Mexican Triptych, 2022


15 in stock

  • Description

    Artist: Teake Zuidema

    Hahnumühle FineArt Baryta print, 89x51cm, edition of 15 (+ 1 A.P.).

    Mexican Triptych consists of three images brought together in one print. All three photos were taken on November 2, 2022, during the celebration of the Dia de los Muertos (Day of the Dead) in the Mexican City Oaxaca.

    The photos are from top to bottom: La Mezcalera (The Mescal Bar), El Acordeonista Ciego (The Blind Accordion Player) and El Zanquero (The Stiltwalker).

    Teake Zuidema has lived and worked in Mexico and has a great love for the people and the culture of this often magical country.

    Teake Zuidema (Leeuwarden, The Netherlands, 1953). During his study in cultural anthropology, Zuidema specialized at Leiden University in the use of photography and film in anthropological fieldwork and research. After making ethnographic films in Mexico and the Netherlands, he began to work as a documentary and travel photographer for newspapers, magazines and photo agencies in Europe and the USA. He’s been living in the USA since 1994, first in Pittsburgh, PA and currently in Savannah, GA. After moving to Georgia, he became fascinated with the coastal areas and has dedicated himself to landscape photography.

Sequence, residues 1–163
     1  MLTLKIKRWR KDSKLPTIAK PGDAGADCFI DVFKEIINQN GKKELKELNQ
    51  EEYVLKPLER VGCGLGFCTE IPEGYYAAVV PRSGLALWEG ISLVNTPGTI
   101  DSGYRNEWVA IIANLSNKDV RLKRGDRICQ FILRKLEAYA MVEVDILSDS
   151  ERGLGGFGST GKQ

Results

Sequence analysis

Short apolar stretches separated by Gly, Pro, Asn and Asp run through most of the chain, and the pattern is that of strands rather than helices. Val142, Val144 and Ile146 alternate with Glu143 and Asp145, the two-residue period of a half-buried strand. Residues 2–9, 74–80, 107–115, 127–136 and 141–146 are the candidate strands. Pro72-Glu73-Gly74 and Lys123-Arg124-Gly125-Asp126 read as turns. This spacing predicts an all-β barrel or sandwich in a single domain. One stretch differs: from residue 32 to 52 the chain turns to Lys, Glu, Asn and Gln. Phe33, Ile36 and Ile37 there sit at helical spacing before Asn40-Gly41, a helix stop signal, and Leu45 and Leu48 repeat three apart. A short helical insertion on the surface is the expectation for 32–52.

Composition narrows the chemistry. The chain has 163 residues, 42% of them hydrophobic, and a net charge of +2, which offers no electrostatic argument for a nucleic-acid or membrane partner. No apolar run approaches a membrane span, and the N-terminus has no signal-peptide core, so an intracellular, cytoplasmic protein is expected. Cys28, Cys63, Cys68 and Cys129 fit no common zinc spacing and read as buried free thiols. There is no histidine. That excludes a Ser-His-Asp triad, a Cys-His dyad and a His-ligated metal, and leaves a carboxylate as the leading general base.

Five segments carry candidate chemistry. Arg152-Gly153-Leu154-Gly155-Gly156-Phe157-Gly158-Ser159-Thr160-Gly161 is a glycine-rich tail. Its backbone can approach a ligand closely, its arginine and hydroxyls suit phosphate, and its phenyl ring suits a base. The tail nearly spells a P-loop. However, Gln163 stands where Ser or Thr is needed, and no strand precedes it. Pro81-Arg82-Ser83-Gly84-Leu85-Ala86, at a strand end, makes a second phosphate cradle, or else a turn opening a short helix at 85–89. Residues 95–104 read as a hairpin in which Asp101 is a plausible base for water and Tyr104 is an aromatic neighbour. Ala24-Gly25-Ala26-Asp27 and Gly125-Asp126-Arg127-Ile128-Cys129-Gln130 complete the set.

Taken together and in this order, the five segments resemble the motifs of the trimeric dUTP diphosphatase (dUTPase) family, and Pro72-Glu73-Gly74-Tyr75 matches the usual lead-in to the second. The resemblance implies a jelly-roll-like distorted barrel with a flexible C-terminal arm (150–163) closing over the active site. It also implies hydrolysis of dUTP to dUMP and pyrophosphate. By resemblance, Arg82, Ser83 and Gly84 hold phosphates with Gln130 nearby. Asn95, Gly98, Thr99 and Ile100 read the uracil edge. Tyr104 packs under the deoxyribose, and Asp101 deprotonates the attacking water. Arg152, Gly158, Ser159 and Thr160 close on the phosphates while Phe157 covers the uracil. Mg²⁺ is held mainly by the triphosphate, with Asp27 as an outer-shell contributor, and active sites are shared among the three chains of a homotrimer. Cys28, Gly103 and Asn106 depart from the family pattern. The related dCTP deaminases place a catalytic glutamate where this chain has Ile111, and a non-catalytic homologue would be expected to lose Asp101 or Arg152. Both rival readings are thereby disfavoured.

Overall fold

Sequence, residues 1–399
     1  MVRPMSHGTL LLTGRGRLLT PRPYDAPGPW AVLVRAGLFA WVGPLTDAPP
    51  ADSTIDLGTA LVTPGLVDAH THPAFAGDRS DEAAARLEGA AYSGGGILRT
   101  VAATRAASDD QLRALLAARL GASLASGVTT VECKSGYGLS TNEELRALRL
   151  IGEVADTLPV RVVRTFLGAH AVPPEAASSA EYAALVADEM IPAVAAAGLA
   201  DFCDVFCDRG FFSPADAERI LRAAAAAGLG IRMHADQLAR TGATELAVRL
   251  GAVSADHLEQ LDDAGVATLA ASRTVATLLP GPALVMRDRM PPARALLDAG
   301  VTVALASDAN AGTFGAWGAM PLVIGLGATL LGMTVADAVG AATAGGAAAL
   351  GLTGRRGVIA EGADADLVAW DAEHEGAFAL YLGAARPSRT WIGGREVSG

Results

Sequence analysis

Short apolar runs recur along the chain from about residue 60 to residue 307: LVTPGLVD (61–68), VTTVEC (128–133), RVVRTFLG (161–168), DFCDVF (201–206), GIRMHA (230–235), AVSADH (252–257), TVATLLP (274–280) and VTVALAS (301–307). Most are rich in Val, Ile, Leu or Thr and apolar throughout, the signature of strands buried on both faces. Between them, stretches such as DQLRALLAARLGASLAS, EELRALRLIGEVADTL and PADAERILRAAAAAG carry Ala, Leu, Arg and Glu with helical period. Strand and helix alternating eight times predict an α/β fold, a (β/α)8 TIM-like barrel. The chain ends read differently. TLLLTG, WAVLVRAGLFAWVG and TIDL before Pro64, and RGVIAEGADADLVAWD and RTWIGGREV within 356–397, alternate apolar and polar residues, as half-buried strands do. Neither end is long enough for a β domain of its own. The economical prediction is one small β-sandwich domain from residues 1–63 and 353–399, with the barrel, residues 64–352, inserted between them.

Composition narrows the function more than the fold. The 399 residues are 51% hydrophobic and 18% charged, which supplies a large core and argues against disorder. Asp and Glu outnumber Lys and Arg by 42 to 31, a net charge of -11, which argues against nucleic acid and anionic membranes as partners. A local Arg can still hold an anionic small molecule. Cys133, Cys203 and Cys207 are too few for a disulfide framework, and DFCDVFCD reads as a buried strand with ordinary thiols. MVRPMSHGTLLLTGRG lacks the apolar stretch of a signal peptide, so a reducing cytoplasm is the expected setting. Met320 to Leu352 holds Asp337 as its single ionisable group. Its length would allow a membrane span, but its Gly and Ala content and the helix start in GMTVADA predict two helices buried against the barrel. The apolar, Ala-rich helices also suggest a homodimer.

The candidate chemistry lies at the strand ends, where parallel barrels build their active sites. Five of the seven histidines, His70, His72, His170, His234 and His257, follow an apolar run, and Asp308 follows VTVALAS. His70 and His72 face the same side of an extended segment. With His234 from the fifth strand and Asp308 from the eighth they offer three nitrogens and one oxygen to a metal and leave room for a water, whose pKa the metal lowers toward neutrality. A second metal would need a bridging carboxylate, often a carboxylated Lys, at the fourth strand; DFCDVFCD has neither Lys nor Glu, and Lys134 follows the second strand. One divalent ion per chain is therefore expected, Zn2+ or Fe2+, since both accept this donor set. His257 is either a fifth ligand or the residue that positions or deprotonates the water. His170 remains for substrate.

Artist Statement


    “As a photographer, I’ve always been wrapping reality – be it people or places – into my own esthetics and sensibilities to tell a story. As a Dutchmen, born below sea level, I’m fascinated by all what happens in coastal areas; the interplay between sea, wind, beach, trees, dunes and animals, and the things people design to try and control it all. When I came to the Georgia coast, I was struck by the struggle of all the plants and trees that live at the edge of where life is possible being under constant attack by salt water, hurricanes, beach erosion, human activity, and climate change. As I started to photograph these coastal areas, the images began to divert more and more from reality and morph into a very personal coast where death, destruction, rebirth, struggle, beauty, and light point to a new and imagined reality. In fact, I now see my coastal panoramas, stitched together from multiple photos, as some sort of stage for a fantasy or science-fiction story that yet needs to be told.”



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